John Metcalfe was CityLab’s Bay Area bureau chief, covering climate change and the science of cities.
Billowing smoke and furious animals combine in these "terror haze" illustrations.
China's air quality can get so bad it's like walking through a smokey forest fire. One wonders if officials would be be more aggressive with polluters if their offices were wallpapered with something like this:
Gaahh! What is that awful thing? Chinese designers Liu Yang and Kai Huo call it a haze "animal." I would add that it looks like a gorilla, a lightning storm, and the smoke monster from Lost entered a telepod and emerged as something that could make children weep for days.
The yelling electro-ape is just one horrifying monster in Yang and Huo's portfolio of anti-smog PSAs. The designers used computer illustration to summon a snapping dragon, a furious bear, and other menacing beasties, with the hope they'd get people talking about the pollution epidemic. They posted them in public areas around Shenyang, and distributed them on microblogs and Facebook. This week, their efforts were rewarded when the project snagged a winning title at the A' Design awards.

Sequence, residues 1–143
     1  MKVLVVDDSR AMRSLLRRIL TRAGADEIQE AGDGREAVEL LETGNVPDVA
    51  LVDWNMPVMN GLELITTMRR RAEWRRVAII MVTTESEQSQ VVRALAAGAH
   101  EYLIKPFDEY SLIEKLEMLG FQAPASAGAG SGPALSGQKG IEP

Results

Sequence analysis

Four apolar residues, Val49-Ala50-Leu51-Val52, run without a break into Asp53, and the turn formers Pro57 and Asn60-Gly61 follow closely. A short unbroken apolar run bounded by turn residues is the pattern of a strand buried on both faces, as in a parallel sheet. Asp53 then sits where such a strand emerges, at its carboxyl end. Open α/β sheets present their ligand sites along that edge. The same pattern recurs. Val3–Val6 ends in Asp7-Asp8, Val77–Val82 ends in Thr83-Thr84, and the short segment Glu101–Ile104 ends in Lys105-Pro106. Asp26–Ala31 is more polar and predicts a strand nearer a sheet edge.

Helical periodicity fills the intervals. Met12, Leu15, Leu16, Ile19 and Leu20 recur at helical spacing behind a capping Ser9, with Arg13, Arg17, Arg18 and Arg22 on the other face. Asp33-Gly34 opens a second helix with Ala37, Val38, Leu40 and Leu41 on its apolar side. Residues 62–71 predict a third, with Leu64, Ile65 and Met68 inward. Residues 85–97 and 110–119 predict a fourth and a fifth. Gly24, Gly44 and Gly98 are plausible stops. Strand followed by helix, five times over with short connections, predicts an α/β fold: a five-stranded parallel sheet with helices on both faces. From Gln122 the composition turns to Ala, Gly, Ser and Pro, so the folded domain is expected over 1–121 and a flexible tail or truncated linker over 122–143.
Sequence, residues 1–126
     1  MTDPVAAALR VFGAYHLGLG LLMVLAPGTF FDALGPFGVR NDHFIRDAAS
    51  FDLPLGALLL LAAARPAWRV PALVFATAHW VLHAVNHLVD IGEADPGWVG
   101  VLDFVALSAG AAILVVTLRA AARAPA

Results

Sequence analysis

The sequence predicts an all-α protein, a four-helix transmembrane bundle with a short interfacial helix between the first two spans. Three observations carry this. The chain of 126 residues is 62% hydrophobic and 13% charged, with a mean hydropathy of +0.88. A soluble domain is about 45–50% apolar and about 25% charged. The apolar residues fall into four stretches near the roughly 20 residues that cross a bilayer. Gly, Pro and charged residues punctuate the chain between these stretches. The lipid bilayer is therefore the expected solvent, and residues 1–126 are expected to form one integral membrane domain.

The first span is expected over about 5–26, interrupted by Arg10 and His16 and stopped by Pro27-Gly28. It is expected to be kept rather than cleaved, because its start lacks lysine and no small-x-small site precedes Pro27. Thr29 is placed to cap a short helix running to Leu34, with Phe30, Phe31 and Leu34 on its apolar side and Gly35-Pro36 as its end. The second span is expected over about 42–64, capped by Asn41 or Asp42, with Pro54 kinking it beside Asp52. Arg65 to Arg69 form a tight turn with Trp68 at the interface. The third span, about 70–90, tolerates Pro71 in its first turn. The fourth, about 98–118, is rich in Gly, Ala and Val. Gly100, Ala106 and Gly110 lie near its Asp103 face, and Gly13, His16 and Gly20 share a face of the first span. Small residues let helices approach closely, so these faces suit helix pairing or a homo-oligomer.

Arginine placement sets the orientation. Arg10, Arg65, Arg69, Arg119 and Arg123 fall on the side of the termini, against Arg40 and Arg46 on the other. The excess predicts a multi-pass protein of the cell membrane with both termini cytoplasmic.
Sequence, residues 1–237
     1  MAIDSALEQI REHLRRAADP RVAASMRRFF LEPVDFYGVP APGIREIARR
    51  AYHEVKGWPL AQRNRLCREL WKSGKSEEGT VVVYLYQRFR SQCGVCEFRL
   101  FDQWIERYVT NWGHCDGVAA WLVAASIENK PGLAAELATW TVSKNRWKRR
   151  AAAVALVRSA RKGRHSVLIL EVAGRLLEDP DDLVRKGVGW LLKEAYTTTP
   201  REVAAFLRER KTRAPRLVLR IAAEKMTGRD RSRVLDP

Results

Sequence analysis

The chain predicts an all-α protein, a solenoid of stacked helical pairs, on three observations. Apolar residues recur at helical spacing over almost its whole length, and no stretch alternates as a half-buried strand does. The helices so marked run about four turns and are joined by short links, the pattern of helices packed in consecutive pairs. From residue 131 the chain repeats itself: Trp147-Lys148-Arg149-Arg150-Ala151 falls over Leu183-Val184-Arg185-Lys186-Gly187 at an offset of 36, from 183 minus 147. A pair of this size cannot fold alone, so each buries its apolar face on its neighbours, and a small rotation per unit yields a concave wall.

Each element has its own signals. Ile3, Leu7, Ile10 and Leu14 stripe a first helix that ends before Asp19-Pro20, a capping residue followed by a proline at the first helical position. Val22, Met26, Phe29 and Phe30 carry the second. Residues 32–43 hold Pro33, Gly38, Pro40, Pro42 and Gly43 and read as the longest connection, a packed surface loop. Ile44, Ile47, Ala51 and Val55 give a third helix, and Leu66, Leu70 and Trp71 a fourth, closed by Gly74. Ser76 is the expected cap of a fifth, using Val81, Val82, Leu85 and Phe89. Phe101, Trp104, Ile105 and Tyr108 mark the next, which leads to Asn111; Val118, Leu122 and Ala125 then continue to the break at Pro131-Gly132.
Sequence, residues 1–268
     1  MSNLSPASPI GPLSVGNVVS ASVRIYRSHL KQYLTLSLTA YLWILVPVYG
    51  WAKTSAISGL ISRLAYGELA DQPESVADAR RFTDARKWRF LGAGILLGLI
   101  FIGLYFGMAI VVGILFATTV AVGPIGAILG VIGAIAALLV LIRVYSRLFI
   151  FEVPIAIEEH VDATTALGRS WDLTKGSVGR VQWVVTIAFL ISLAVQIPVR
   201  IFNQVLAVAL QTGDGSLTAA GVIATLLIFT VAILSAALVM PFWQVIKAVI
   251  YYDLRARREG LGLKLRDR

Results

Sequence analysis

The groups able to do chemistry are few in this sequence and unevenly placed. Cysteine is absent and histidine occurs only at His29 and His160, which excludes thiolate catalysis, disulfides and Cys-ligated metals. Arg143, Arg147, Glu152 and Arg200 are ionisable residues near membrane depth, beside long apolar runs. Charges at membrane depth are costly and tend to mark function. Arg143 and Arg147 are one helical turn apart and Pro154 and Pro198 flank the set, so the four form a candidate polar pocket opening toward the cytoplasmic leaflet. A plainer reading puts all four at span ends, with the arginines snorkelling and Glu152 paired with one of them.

Here's how they describe the purpose of the animalistic campaign:
Every autumn and winter, haze always hit, especially most city Chinese north, haze is very serious, people live under the shadow of terror haze. Human, animal, plant, buildings and so on are all great harm. These illustrations by investigating the haze, haze of urban hazard for animal, painted a variety of animals and the earth smoke modeling. This design according to the harm of human as the creative source of haze, haze into earth, into a variety of animal, calling attention to avoid haze haze, haze, away from harm.
Yes—stay away from the haze. Message absolutely received, guys: